For the fourth day in a row, truckers will face dangerously strong winds in the northern Plains.
Blustery weather spread across Idaho, Montana, Wyoming and the Dakotas, leading to tractor-trailer rollovers and localized power outages.
Gusts in parts of North Dakota exceeded 70 mph, while a gust of 96 mph was recorded in Wyoming.
The area of risk from these winds is shrinking, and gusts won’t be as strong Wednesday, but the odds of 18-wheelers tipping over remains elevated.
The National Weather Service still has high-wind watches and warnings posted for eastern Montana, all of North Dakota, most of South Dakota, as well as western Minnesota. This includes places such as Fargo, Grand Forks, Bismarck, Pierre, Rapid City and Glasgow.
Gusts are forecast to reach 50 to 65 mph but may hit 70 mph in a few spots. Winds will be from the northwest, creating crosswinds along interstates 90 and 94, which run east-west. However, highways are not straight lines, so crosswinds are likely along some curved sections of Interstate 29.
Also, snow will fall in some parts of the impact region, and there’s still snow on the ground. Drivers will hit periods of blowing or drifting snow that may quickly reduce visibility.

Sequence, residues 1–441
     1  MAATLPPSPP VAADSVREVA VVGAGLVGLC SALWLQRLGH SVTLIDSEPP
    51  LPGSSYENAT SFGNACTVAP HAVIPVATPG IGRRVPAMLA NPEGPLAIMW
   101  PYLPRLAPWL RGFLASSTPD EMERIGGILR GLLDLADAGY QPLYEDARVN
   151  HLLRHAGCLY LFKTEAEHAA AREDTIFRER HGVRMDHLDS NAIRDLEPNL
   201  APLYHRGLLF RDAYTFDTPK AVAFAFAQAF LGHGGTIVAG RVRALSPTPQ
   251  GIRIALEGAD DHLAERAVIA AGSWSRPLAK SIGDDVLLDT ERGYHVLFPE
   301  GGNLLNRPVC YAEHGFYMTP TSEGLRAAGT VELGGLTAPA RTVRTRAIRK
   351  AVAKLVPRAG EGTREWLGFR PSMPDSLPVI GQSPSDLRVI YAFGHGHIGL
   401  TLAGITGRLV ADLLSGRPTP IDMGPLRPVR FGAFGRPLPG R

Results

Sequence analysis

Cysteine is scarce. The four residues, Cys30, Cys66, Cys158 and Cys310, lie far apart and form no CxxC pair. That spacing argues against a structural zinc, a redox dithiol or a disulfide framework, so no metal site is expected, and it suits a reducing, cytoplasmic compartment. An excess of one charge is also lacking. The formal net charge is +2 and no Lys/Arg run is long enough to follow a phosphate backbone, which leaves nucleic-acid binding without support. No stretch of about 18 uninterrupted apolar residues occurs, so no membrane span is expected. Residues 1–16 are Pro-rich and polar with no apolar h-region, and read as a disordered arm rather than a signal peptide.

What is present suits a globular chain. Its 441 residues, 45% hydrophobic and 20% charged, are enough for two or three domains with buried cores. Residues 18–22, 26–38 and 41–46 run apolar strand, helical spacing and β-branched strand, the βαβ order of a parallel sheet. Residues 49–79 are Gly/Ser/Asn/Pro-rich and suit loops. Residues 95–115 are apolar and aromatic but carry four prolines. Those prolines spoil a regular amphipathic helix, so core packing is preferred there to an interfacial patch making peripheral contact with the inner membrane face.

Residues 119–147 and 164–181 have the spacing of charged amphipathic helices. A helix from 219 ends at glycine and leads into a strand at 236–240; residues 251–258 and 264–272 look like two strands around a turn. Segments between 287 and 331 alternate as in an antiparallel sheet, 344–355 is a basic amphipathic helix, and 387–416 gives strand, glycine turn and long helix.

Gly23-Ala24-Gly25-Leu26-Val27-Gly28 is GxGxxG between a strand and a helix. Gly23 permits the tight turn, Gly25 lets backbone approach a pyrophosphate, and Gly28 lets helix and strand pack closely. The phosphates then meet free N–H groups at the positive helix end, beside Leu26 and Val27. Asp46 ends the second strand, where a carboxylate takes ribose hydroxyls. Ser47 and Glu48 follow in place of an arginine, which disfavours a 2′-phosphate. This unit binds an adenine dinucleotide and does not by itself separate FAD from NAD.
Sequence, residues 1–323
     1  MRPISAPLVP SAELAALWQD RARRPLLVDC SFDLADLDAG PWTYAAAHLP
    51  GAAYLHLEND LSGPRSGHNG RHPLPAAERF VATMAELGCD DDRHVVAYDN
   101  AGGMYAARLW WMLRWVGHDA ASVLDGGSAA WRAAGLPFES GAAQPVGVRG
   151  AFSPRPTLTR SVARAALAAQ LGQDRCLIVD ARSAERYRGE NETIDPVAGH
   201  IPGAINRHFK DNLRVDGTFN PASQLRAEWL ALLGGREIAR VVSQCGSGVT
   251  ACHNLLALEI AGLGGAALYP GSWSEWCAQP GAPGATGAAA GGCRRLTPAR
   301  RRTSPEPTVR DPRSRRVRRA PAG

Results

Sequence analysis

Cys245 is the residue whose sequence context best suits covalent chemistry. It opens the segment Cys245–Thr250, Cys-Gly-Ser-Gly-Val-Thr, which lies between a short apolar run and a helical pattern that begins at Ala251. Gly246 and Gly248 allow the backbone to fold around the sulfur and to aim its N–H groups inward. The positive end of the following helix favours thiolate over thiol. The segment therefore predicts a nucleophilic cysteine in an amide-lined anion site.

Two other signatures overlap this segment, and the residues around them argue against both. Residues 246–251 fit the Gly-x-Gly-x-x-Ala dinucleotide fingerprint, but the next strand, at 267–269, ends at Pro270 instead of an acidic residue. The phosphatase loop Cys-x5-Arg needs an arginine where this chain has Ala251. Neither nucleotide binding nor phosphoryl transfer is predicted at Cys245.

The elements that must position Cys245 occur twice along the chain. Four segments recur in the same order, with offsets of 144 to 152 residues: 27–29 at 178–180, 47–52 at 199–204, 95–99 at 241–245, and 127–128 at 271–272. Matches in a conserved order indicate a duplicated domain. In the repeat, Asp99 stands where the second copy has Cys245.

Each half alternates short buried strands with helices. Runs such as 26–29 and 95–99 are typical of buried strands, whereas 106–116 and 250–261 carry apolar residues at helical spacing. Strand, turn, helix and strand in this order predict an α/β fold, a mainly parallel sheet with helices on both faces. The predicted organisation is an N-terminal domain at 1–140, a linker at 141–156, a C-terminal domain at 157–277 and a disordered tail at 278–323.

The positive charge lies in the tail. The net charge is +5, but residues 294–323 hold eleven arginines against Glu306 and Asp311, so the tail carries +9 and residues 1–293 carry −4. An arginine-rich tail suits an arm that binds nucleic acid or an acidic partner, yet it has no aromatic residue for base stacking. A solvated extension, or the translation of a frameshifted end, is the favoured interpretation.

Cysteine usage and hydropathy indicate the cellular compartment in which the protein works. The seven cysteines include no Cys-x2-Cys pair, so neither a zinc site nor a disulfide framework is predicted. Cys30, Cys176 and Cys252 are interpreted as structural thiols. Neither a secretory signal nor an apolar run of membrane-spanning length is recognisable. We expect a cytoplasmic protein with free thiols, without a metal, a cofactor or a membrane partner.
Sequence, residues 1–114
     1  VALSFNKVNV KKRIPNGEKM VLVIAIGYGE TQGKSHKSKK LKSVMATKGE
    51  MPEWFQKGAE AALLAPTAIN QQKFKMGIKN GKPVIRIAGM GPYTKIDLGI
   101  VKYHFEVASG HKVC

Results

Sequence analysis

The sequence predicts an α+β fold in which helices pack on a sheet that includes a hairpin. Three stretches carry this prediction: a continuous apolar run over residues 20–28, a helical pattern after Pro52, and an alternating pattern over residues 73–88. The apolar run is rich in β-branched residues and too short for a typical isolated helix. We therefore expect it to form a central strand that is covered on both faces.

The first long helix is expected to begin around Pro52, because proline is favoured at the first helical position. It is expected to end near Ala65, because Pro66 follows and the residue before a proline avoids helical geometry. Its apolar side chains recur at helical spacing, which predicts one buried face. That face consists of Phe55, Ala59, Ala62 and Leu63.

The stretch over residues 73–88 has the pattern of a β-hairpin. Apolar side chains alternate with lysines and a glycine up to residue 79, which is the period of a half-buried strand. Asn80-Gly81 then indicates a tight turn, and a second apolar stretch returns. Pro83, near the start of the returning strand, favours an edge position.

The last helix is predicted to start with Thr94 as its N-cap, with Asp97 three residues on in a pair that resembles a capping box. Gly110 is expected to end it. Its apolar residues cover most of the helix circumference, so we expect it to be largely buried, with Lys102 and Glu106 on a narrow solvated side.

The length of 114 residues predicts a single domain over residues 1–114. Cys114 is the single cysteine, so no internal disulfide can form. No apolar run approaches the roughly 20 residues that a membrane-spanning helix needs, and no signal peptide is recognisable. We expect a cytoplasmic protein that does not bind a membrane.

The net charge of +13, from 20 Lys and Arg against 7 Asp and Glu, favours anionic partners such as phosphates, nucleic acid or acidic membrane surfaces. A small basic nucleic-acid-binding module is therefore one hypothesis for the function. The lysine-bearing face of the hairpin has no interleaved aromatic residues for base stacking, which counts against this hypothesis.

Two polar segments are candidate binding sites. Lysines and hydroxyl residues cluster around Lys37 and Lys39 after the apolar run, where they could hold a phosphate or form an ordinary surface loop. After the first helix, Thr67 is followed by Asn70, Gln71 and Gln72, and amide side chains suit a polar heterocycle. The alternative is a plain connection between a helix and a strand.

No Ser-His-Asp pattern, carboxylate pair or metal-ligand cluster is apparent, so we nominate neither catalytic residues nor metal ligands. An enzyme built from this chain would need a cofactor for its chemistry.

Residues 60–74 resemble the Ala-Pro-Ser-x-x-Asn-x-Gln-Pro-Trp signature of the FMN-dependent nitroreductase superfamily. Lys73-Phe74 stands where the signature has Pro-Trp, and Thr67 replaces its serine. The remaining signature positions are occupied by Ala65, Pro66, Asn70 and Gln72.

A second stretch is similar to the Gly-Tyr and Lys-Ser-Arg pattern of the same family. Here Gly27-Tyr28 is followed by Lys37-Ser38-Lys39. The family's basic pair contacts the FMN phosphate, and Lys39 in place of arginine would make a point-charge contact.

Snow squalls could develop Tuesday morning in parts of Montana, then again during the afternoon. These are sudden bursts of intense snow accompanied by strong winds. Snow squalls can reduce visibility to zero in a matter of seconds and can last for 30 to 60 minutes.
Winds will weaken Wednesday night, and the high-wind alerts are set to expire early Wednesday evening.
Major lanes of concern
• Interstate 29 from Watertown, South Dakota, to the North Dakota-Canada border.
• Interstate 90 in South Dakota from Spearfish to Mitchell.
• Interstate 94 from Glendive, Montana, to Detroit Lakes, Minnesota.
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